She advocated telling a story that showed the broader influence of a climate strategy. For companies who invest in Gold Standard projects, like the Yarra Yarra Biodiversity Corridor, this might be communicating new industries created in vulnerable farming communities, or the biodiversity values of the project. If it were an international project in a developing country the human stories around jobs creation, energy, water or sanitation benefits to marginalized communities might be the more powerful.
But Verles cautioned that, as important as storytelling might be to create brand trust, it will not fully influence a customer to invest in a project or company unless it actually makes sound business sense, so communicating the business case of investing in high impact, low carbon interventions is key to ‘selling’ a company’s carbon management message.
Not so long ago sustainable development was considered secondary to the real work of nation building. Increasingly however it is being recognized in global markets as not an optional consideration, but an essential one – a mainstream concept, fast gathering momentum.
Verles recounted a conversation with her predecessor, Michael Schlup, the first CEO of the Gold Standard, who told her:
“when we started back in 2003, people told me: it’s nice but this is a side game’. 14 years later, Gold Standard’s approach to sustainable development has been copied time and again.”
This is borne out by the increasing number of leading corporations willing to pay premiums for high impact offsets that are leading the way in the quantification and certification of climate and sustainable development impacts through the Gold Standard. From Verles’ perspective this is as a result, in the main, of the business case for sustainable environmental management.
“It’s all about risk management and future proofing your business. Every single business is going to be impacted by climate change, most businesses already are. You’re not going to manage the transition by keeping a narrow focus on carbon emissions. This goes beyond carbon. This is about transitioning your business from where it is today to one that is compatible with a 1.5 degree world and the 2030 agenda for sustainable development.”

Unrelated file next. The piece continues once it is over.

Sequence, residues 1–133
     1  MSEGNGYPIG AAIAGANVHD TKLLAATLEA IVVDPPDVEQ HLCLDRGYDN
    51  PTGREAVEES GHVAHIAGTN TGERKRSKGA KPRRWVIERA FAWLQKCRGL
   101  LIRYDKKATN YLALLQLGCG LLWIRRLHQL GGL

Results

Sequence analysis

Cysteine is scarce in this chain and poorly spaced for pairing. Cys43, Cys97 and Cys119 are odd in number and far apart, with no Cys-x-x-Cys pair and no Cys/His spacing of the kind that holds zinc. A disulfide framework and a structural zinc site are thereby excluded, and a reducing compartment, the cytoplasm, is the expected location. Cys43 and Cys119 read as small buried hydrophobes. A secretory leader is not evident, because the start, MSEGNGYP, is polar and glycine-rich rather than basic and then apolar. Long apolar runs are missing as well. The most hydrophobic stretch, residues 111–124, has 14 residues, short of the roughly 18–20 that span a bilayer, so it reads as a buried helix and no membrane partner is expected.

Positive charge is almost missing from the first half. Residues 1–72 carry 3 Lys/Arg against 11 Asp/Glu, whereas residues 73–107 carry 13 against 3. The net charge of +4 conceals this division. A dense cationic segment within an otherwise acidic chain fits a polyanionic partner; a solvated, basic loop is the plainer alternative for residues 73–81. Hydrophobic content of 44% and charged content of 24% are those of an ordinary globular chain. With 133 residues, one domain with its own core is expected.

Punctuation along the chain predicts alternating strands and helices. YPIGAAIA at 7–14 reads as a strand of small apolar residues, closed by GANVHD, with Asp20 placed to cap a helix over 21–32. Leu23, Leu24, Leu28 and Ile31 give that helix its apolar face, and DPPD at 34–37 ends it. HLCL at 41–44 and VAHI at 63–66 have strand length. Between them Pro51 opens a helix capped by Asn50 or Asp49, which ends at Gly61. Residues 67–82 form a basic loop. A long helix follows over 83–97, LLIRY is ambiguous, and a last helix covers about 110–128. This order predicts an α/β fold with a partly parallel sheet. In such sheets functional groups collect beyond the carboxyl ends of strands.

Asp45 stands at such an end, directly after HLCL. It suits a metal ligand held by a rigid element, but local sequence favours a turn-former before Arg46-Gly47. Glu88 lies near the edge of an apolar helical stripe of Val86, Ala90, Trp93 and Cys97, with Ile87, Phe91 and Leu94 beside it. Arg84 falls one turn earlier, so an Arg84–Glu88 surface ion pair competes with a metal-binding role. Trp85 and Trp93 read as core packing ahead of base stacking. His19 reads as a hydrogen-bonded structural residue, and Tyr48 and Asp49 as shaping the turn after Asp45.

Investing in high impact climate actions can help corporates be recognized and trusted by their stakeholders and to ensure customer and employee retention.
It can inspire investor confidence. Each year, more investors are looking for information from companies on what they are doing to mitigate climate risks, not just to protect against issues like stranded assets but also from exposure to carbon tax or other compliance obligations that are evolving. Analyst tools like ESG ratings are also accelerating around the world, which moves beyond carbon mitigation into assessing what companies are doing to contribute to society’s shared goals.
Verles takeaways from the conference were these:
That the story of sustainable development is a powerful lever to unlock climate ambitions, but that this must be coupled with making climate action meaningful and motivational for stakeholders.
That this marks a shift from stories of obligation to inspiration; from telling a customer that they have a responsibility, to showing a customer that by investing in your company, they can change the world.
This turns an impost into something motivational and desirable that can build brand power.
But that beyond brand awareness and trust, or even mitigating shareholder risk, a company investing in carbon mitigation is helping the global community achieve the world we want; the world we need. While this might sound trite, it’s proven that more stable, inclusive societies are better for business.
Verles left delegates with a clear message to consider carefully their climate strategies and their motivations with the view to the end game not being the business case alone; but a driver for real stewardship, social change, climate security and sustainable development for all.